|Most Playoff Losses||Most One-and-Dones|
|1||Peyton Manning||13||1||Peyton Manning||9|
|2||Brett Favre||11||2||Andy Dalton||4|
|3||Dan Marino||10||2||Billy Kilmer||4|
|4||Tom Brady||9||2||Bob Griese||4|
|5||Jim Kelly||8||2||Dave Krieg||4|
|6||Joe Montana||7||2||Jack Kemp||4|
|6||John Elway||7||2||Joe Montana||4|
|6||Donovan McNabb||7||2||Warren Moon||4|
|6||Warren Moon||7||2||Y.A. Tittle||4|
By simple math, Manning is the quarterback most likely to hold the record for most playoff losses. He holds the record for most appearances with 15, two more than the next closest quarterback. Marino was the first to 10 losses, and he was surpassed by Brett Favre's 11. For Manning to have avoided this record, he would have needed to win a record five Super Bowls -- an unrealistic goal for anyone.
So far we have shown Manning's impressive playoff resume and explained the record number of playoff losses as a result of his consistency at leading teams into the playoffs. But why only 13 playoff wins? People wanted to see more wins from his career, and given the individual success, there should have been more.
The L Word
"See, the luck I've had can make a good man turn bad."
Bringing the element of luck into this might be as dangerous as throwing a hand grenade, but we are going to do it carefully. I have said in the past that I consider Manning the unluckiest quarterback in playoff history based on having the most close losses, among other things like poor starting field position. On a percentage basis, Manning probably is not the unluckiest. That may be Bernie Kosar or Warren Moon. For a cruder single-game example, Teddy Bridgewater has a legit claim to terrible luck in his first playoff game. It was spoiled by brutal weather conditions (one year before Minnesota gets a new roofed stadium), Adrian Peterson's fumble led to Seattle's game-winning field goal, and Blair Walsh shanked the shortest do-or-die field goal in playoff history. Ouch. And that's not even mentioning that Seattle's 9-point comeback started thanks to a botched snap sandlot play from Russell Wilson. Fortunately, Bridgewater is just 23 and has plenty of time to change things, but there is no guarantee luck evens itself out in a playoff career.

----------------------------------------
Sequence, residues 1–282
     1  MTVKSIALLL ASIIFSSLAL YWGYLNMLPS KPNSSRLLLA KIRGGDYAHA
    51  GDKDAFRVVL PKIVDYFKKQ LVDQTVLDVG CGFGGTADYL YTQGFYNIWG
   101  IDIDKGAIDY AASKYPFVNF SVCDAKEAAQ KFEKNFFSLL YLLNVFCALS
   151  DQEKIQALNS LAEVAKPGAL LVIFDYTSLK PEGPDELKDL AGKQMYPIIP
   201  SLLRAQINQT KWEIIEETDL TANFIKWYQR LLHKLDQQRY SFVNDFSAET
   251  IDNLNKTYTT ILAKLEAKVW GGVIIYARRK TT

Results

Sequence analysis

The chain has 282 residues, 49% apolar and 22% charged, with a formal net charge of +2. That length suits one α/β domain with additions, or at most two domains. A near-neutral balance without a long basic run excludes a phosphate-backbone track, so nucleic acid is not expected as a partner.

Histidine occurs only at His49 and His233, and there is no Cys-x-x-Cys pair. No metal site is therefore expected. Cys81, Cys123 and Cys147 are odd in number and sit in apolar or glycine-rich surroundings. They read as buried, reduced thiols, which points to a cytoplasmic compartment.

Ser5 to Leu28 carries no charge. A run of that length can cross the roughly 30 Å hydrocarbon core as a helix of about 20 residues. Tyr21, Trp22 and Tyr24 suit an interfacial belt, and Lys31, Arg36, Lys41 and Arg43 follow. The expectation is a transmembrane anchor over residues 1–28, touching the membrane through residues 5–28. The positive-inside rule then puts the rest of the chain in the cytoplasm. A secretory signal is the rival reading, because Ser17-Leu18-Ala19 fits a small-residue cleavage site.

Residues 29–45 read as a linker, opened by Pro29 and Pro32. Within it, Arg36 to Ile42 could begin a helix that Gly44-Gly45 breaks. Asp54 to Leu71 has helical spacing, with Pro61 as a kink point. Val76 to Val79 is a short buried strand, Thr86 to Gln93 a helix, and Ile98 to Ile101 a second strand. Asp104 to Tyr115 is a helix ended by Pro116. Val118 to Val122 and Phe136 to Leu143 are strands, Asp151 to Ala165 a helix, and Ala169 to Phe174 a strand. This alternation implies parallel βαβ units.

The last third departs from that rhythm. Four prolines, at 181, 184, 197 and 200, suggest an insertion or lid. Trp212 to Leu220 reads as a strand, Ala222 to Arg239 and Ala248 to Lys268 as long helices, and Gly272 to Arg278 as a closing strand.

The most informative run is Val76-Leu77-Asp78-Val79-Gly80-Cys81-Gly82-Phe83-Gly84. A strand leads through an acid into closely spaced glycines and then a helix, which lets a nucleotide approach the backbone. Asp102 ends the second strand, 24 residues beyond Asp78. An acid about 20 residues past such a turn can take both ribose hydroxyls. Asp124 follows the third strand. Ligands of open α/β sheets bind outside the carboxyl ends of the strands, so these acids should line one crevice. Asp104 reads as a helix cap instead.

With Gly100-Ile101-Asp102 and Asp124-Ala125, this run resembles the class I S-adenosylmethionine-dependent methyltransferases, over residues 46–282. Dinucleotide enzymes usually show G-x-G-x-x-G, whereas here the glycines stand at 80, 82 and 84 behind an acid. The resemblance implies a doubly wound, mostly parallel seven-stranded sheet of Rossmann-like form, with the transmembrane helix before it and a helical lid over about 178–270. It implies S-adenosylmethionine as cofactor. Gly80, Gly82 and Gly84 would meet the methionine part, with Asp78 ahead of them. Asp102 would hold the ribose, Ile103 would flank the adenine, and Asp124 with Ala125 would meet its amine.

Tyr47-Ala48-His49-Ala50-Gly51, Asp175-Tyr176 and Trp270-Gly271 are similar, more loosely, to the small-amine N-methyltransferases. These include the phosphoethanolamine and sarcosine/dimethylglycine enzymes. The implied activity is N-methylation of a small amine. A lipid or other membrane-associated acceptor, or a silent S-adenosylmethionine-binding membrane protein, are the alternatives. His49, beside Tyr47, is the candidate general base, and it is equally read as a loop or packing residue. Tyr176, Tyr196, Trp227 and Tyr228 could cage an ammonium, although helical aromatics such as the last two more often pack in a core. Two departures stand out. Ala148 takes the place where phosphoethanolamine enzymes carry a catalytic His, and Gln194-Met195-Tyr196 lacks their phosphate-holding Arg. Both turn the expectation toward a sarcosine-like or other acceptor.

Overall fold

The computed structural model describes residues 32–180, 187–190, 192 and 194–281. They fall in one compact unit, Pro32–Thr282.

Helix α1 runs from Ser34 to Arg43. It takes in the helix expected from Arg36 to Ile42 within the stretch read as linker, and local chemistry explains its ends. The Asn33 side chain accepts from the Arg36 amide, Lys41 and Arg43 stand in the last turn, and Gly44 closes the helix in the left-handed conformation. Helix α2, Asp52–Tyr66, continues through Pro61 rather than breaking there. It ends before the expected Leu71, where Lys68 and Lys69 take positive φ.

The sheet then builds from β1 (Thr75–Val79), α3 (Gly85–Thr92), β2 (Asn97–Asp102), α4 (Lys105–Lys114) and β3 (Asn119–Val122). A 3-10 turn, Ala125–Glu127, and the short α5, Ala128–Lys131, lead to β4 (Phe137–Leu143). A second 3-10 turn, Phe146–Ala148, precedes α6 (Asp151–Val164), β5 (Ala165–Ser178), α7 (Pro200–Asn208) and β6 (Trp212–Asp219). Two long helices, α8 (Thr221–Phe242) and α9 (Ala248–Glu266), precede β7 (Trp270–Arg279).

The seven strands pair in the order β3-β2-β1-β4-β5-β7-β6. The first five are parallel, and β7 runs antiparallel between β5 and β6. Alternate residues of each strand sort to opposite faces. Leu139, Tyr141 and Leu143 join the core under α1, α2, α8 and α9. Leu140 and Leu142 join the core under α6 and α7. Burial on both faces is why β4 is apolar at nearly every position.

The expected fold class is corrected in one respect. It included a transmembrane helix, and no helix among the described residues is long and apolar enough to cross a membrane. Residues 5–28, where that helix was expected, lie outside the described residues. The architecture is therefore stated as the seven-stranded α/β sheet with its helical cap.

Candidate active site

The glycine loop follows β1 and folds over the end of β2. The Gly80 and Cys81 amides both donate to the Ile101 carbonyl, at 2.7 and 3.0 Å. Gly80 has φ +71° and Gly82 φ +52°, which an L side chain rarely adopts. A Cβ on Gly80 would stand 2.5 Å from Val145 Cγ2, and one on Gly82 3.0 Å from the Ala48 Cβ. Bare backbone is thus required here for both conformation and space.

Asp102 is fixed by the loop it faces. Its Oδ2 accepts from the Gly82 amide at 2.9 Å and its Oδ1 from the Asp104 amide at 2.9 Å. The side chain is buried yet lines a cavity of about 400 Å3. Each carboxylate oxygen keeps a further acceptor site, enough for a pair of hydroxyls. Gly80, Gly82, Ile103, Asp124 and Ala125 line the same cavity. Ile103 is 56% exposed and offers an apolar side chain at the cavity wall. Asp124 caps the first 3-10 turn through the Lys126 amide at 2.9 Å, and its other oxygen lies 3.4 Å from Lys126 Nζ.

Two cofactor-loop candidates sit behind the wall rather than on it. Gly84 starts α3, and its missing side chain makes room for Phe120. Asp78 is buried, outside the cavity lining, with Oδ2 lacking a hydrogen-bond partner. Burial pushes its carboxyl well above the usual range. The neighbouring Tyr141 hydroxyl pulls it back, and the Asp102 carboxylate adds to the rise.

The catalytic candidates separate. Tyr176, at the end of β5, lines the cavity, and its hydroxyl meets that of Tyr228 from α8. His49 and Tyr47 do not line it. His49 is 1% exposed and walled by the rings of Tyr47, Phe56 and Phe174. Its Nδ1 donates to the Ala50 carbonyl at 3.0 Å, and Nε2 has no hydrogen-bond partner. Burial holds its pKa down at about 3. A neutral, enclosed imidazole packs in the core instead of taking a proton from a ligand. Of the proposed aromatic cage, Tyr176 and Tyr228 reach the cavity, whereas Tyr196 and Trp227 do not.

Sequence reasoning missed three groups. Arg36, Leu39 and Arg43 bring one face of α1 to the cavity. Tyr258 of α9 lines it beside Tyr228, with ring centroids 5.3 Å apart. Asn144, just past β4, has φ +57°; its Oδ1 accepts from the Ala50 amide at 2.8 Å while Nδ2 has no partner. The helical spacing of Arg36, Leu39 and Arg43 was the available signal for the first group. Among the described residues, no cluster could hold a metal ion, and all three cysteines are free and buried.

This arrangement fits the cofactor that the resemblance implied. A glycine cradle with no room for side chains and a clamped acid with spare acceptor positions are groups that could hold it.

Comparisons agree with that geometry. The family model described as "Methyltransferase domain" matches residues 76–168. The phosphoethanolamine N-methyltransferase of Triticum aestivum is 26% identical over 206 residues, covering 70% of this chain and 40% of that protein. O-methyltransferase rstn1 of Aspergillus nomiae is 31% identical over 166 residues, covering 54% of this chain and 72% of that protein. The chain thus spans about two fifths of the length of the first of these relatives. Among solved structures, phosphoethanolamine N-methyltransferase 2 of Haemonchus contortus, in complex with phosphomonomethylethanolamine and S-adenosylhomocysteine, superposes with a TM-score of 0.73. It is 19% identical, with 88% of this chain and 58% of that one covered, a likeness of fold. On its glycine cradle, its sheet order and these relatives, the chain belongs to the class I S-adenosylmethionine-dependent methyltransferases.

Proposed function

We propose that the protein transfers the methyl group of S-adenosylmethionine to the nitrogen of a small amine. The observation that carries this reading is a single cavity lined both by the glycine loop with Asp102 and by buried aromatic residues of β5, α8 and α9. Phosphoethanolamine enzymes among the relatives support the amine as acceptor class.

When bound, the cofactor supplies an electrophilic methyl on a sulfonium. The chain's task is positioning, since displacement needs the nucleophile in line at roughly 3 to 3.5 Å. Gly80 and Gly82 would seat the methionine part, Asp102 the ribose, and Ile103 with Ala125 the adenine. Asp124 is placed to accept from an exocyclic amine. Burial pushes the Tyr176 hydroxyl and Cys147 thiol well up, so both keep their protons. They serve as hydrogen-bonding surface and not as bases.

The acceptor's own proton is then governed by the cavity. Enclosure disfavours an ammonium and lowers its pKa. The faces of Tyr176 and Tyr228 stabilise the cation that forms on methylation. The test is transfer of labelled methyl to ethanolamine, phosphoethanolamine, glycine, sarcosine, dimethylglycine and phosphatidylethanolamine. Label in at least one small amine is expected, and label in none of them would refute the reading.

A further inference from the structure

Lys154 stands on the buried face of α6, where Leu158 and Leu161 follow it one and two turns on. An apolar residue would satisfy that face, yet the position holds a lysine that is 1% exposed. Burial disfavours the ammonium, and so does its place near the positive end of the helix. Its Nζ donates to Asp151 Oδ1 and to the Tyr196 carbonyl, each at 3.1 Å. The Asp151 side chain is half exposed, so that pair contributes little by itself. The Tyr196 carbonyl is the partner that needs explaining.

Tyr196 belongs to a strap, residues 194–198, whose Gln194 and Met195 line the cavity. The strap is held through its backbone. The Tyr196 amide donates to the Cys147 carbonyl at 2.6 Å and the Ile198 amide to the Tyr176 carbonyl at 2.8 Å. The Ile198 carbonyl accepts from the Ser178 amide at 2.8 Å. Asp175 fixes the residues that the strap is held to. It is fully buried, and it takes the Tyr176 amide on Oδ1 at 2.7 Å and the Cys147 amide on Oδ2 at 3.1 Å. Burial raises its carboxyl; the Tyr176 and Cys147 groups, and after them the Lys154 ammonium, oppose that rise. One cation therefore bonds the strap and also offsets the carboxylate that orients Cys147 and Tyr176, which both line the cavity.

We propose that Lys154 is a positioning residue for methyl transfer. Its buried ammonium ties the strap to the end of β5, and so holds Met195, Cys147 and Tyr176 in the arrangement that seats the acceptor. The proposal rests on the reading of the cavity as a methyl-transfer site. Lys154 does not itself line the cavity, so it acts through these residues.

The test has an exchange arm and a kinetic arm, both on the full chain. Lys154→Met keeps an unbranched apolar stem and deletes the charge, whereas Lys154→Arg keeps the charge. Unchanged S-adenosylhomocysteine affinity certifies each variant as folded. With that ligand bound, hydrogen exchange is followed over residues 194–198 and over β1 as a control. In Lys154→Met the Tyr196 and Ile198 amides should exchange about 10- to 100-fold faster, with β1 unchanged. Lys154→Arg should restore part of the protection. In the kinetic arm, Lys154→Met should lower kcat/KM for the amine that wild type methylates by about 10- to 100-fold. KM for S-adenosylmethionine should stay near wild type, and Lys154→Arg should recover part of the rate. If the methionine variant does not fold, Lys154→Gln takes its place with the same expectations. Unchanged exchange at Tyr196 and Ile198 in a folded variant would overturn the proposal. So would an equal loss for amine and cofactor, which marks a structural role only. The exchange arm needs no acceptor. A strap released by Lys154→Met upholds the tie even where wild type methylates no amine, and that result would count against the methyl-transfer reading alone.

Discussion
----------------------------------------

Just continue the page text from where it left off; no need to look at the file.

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Let's be clear in how luck is defined in the context of a quarterback's playoff career. From Merriam-Webster: "the events or circumstances that operate for or against an individual." The other important part is that these events are happening out of the quarterback's control. Over the course of a three-hour game, there are a lot of things that could qualify, but we usually just focus on the most important events that have the biggest impact on the game, such as the Peterson fumble and the Walsh field goal in that Bridgewater example. The plays from late in the game tend to be the most significant due to the lack of time left to overcome them. There is also a preference to look at plays that have a general low probability of happening, such as a return touchdown, dropped pass or blocked punt. If a quarterback throws a pass right to a defender for an interception, that is not bad luck for the quarterback. That is a bad play, and it is bad luck for his teammates that they have to absorb the consequences of his actions.